Allison (Bastard Out of Carolina, 1992, etc.) has assembled a nourishing compilation of articles and essays about being ``queer in a world that hates queers...poor [in] a world that despises the poor'' and a passionate writer and lover of literature. Written during the past 11 years, the two dozen pieces cover territory that has become central to Allison's writing: the ``deep and messy waters of class and sexual desire,'' prejudice, family, strong women, childhood sexual and emotional abuse, loss, love, betrayal, self-hatred, and self-definition. Taken as a whole, they offer instructive accounts of her various journeys to personal, political, and literary awareness. All the writings are punctuated by the author's signature blend of ruthless candor, rueful wit, and unfailing wisdom. The collection's new material (some of its best) focuses on how books helped her survive and escape poverty and hopelessness and ultimately reinvent her life. Strong chapters include Allison's tribute to her mentor, Bertha Harris; a ``personal history of lesbian porn''; a discussion of her science fiction fandom; and her impassioned speech at a gay and lesbian writers' conference in which she declares, ``I want to be able to write so powerfully I can break the heart of the world and heal it...remake it.'' If her earlier book Trash was the record of her rage, and Bastard the chronicle of her childhood, this is a document of her adult life—not the story of a tormented child or ``trashy lesbian'' bad girl so much as the mature musings of a wise woman. Much of this will be nothing new to readers of Allison's earlier books, and much has been printed before in the New York Native and elsewhere. But Skin is nonetheless a valuable record of a remarkable life and a testament to the struggles, triumphs, and growth of one bold and inspiring woman.

Pub Date: July 18, 1994

ISBN: 1-56341-045-1

Page Count: 272

Publisher: N/A

Review Posted Online: June 24, 2010

Kirkus Reviews Issue: May 15, 1994

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Stricter than, say, Bergen Evans or W3 ("disinterested" means impartial — period), Strunk is in the last analysis...



Privately published by Strunk of Cornell in 1918 and revised by his student E. B. White in 1959, that "little book" is back again with more White updatings.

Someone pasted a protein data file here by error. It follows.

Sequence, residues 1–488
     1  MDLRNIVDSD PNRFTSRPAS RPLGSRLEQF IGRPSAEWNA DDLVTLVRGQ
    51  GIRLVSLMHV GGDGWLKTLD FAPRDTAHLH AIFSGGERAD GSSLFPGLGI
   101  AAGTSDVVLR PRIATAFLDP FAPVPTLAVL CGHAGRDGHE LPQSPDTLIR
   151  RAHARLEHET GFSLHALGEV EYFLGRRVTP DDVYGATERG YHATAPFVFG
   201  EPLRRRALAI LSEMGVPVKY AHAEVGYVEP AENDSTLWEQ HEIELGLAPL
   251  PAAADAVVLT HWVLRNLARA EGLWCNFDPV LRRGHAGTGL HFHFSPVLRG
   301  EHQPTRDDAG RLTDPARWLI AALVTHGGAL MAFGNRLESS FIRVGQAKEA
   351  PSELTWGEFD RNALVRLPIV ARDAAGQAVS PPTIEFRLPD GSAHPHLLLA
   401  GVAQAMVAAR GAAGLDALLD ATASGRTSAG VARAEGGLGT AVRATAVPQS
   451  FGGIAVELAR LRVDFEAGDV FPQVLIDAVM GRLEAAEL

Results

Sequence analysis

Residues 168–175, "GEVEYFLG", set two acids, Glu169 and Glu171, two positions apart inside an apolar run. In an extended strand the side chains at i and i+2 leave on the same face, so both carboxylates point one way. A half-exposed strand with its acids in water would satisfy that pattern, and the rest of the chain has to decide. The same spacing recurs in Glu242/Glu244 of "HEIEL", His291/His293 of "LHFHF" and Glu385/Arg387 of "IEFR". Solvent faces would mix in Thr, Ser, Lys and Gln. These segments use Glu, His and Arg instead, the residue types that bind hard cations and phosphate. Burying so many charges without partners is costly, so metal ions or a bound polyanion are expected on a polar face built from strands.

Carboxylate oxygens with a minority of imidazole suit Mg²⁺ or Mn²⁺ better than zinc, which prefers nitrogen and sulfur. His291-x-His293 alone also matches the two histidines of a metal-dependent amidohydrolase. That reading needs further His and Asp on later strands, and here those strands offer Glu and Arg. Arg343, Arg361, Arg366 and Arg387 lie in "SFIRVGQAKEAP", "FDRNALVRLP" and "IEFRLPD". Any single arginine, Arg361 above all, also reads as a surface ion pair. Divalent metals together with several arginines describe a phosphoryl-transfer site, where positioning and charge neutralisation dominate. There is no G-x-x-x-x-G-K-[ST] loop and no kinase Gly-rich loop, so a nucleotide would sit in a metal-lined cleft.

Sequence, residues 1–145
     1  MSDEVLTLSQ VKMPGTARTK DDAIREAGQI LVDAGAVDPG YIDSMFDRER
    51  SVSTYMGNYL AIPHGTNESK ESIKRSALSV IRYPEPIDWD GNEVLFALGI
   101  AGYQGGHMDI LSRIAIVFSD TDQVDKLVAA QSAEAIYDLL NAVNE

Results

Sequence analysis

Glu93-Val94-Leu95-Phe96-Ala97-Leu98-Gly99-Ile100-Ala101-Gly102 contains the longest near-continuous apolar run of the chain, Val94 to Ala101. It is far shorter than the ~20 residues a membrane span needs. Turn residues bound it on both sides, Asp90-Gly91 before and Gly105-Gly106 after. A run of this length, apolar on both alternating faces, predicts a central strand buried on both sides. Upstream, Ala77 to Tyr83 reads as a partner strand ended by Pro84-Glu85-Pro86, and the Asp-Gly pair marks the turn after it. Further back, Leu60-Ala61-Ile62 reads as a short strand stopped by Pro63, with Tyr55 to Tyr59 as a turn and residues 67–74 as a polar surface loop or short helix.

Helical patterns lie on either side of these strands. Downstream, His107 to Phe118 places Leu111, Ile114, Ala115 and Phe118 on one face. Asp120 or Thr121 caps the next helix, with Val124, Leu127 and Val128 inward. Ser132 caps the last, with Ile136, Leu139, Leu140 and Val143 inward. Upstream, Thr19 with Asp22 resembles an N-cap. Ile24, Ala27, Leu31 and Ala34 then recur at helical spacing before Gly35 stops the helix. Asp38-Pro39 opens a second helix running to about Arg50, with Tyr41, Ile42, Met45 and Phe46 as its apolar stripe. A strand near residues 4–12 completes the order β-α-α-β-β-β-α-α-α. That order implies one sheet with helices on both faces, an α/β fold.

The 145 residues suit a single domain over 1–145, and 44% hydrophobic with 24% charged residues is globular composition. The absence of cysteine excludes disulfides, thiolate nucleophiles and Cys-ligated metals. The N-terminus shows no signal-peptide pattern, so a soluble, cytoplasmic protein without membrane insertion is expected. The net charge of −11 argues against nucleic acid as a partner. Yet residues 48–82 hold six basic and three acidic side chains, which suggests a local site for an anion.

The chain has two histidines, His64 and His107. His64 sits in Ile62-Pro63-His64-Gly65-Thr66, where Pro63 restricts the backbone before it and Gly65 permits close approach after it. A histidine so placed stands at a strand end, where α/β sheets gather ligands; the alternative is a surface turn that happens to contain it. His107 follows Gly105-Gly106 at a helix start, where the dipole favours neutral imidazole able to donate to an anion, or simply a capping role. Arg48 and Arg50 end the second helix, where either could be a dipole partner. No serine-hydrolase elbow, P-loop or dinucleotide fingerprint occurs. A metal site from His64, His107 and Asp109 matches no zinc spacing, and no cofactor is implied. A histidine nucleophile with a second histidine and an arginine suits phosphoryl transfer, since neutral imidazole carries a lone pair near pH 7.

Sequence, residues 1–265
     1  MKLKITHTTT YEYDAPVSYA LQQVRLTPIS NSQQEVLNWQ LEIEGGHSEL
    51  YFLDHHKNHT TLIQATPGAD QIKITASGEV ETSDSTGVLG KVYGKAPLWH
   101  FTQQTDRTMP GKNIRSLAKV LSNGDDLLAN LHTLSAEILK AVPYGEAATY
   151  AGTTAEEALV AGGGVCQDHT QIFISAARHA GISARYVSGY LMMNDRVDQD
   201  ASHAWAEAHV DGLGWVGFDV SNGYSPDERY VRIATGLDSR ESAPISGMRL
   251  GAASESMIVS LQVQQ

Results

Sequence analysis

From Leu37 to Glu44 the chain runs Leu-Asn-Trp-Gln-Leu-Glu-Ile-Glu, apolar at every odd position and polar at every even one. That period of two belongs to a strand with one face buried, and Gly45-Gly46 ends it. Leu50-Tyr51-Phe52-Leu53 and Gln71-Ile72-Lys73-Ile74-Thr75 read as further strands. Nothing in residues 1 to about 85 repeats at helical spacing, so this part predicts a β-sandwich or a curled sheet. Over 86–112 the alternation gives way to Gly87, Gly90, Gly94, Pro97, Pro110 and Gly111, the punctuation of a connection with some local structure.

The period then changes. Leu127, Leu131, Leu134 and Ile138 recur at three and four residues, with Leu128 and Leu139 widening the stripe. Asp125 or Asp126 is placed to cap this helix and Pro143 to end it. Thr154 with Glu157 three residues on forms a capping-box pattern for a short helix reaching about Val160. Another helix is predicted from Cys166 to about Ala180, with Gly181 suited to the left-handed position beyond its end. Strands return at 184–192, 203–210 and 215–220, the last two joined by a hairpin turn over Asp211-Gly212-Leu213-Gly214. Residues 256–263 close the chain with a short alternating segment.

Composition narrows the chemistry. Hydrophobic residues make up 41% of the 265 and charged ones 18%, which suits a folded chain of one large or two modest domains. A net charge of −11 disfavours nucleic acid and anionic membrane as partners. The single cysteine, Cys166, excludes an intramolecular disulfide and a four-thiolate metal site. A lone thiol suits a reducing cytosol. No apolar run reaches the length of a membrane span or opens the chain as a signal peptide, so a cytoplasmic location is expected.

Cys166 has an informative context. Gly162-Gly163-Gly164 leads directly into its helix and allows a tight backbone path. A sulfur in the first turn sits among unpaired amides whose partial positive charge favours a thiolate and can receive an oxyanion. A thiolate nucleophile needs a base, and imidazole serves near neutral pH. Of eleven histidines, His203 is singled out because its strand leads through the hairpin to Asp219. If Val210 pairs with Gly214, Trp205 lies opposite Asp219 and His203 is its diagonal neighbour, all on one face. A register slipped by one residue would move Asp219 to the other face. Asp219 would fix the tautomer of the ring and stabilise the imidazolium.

Stricter than, say, Bergen Evans or W3 ("disinterested" means impartial — period), Strunk is in the last analysis (whoops — "A bankrupt expression") a unique guide (which means "without like or equal").

Pub Date: May 15, 1972

ISBN: 0205632645

Page Count: 105

Publisher: Macmillan

Review Posted Online: Oct. 28, 2011

Kirkus Reviews Issue: May 1, 1972

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Noted jazz and pop record producer Thiele offers a chatty autobiography. Aided by record-business colleague Golden, Thiele traces his career from his start as a ``pubescent, novice jazz record producer'' in the 1940s through the '50s, when he headed Coral, Dot, and Roulette Records, and the '60s, when he worked for ABC and ran the famous Impulse! jazz label. At Coral, Thiele championed the work of ``hillbilly'' singer Buddy Holly, although the only sessions he produced with Holly were marred by saccharine strings. The producer specialized in more mainstream popsters like the irrepressibly perky Teresa Brewer (who later became his fourth wife) and the bubble-machine muzak-meister Lawrence Welk. At Dot, Thiele was instrumental in recording Jack Kerouac's famous beat- generation ramblings to jazz accompaniment (recordings that Dot's president found ``pornographic''), while also overseeing a steady stream of pop hits. He then moved to the Mafia-controlled Roulette label, where he observed the ``silk-suited, pinky-ringed'' entourage who frequented the label's offices. Incredibly, however, Thiele remembers the famously hard-nosed Morris Levy, who ran the label and was eventually convicted of extortion, as ``one of the kindest, most warm-hearted, and classiest music men I have ever known.'' At ABC/Impulse!, Thiele oversaw the classic recordings of John Coltrane, although he is the first to admit that Coltrane essentially produced his own sessions. Like many producers of the day, Thiele participated in the ownership of publishing rights to some of the songs he recorded; he makes no apology for this practice, which he calls ``entirely appropriate and without any ethical conflicts.'' A pleasant, if not exactly riveting, memoir that will be of most interest to those with a thirst for cocktail-hour stories of the record biz. (25 halftones, not seen)

Pub Date: May 1, 1995

ISBN: 0-19-508629-4

Page Count: 224

Publisher: Oxford Univ.

Review Posted Online: May 20, 2010

Kirkus Reviews Issue: March 1, 1995

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